Electronic Substance Abuse (ESA) are among a short list of modern industrial acts that are consistently great, particularly with their most recent releases Burial 10, Eat Their Young / The Scorn EP, and the single “I Detach” coming within the last two years. Between the concussive snares, the powerful production, and the wide range of vocals – whether they’re provided by mastermind Jamie Blacker or by guests such as Caitlin Stokes of Corlyx – ESA is a project that rarely, if ever, misses.
It is with this sort of reputation that the project sets forth its most recent studio effort, Designer Carnage, released on Negative Gain Productions on Valentine’s Day. Using buzzwords and phrases such as “modern decadence” and “be the envy of your peers,” the marketing for this album is on-the-nose anticonsumerism done ESA style. As part of the pre-orders for the record, they offered ESANCE, a line of cosmetics and wellness products that will shock your system and lead you into the new year looking and feeling your best, price tags be damned.
ESA might best be described as “progressive industrial,” insofar as the influences and the backbone of the album may change from track to track, or even multiple times within a track. This album’s opener, “Laudanum Dance,” is a prime example of this. It starts off with a build towards an aggressive, “sweep the premises” tone. The first half of this eight-minute saga feels like a nod to The Prodigy and the grungiest of UK house, before giving way to a dizzying piano solo by Frederic Scarfone. By minute six, we get a marching, stomping beat that lets the power this opening track has carry on through the ending.
We then get a dance floor destroyer in “One Missed Call,” whose first round of vocals come from a sampled voicemail from a very disgruntled woman. On one hand, there is something to be said here about “anything you say can and will be used against you,” particularly with the lines:
“This is a message to stop you from getting far
Because no-one knows what I know and you’ll never be a star.“
It’s a damn fun track, and it’s no secret why it was one of the tracks released ahead of the full record.
Then we get to the powerful, wub-heavy “I Detach,” which we got as a single last May. The jazzy little interlude might be a bit of whiplash for those unprepared, but it does help break things up with this limb-ripper of a track. The title track comes next, and if Jamie doesn’t play “I Detach” followed by this, I don’t know what he’s doing. These two songs are the perfect one-two punch and compliment each other so well.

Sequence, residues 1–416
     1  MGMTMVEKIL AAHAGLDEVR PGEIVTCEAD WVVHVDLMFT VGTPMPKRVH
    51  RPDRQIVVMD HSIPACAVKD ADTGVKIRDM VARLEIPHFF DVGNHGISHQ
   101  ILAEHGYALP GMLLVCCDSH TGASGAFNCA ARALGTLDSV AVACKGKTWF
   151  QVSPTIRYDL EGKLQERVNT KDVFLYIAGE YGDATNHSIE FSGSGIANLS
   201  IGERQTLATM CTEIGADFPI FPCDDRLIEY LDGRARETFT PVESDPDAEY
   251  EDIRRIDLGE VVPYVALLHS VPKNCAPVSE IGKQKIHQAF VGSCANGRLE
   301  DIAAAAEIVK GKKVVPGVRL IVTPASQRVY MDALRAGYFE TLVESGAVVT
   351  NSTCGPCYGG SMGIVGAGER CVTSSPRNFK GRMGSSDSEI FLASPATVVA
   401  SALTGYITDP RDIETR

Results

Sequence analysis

“Disruption Only” stands out for a few reasons, namely the symphonic and orchestral elements. The tempo gets turned up, but the three-note melody keeps things in EBM territory, albeit with a twist. It is a simple number, but it makes seven minutes (6:49, to be exact) feel like nothing. During the next song, “Come and Find Me,” I came to realize why there were so many big band, jazz-type moments in this album. Designer Carnage has a theme of advertisement, of unabashed entrepreneurship, and back in the day, commercials, especially radio or television, were whimsical while also a bit insidious. It is in this aggressive marketing (the industrial/EBM elements), paired with the whimsy (the big band interludes) where we get the duality of advertising.
Or maybe Jamie just makes good goddamn music and I’m reading into things too much.
“Hyena” is classic ESA, with aggressive percussive elements and an overall tone that will turn a ravegoer’s brain to mush in the most fun way possible. This is perhaps the most club-friendly song on the record next to “I Detach.” “Whom Then Shall I Fear?” features the lyrical flow of Pee Wee Pimpin, and man, does his voice do something for this track. His flow is smooth, the low voice almost chanting over the production. It’s swagger but not to the point of self-parody. It’s aggressive to the point of believability. Burial 10 had its share of industrial hip-hop moments, but Designer Carnage has a hell of one with this track.
“Vast Accept” is purely hypnotic, the kind of track to put on and lose oneself to. The staccato strings and the glimmering synths over a pounding bass make for a dream of a song. The album’s closer “Saturnalia” may divide some folks, as it leans back on Blacker’s roots in the extreme metal scene. If you like the idea of industrial black metal (and lord knows I do), you’re going to love it. The first minute plus is blast beat o’clock, while things go in a more electro direction as the track progresses, all the way to an acoustic interlude around the halfway mark. We circle back to the black metal beginnings of the track as the curtain falls on this epic, spanning closer.
Is this Jamie throwing everything at the wall and seeing what sticks? If so, very little is falling off.
Surround thyself in only the finest of Designer Carnage by streaming and/or purchasing the album: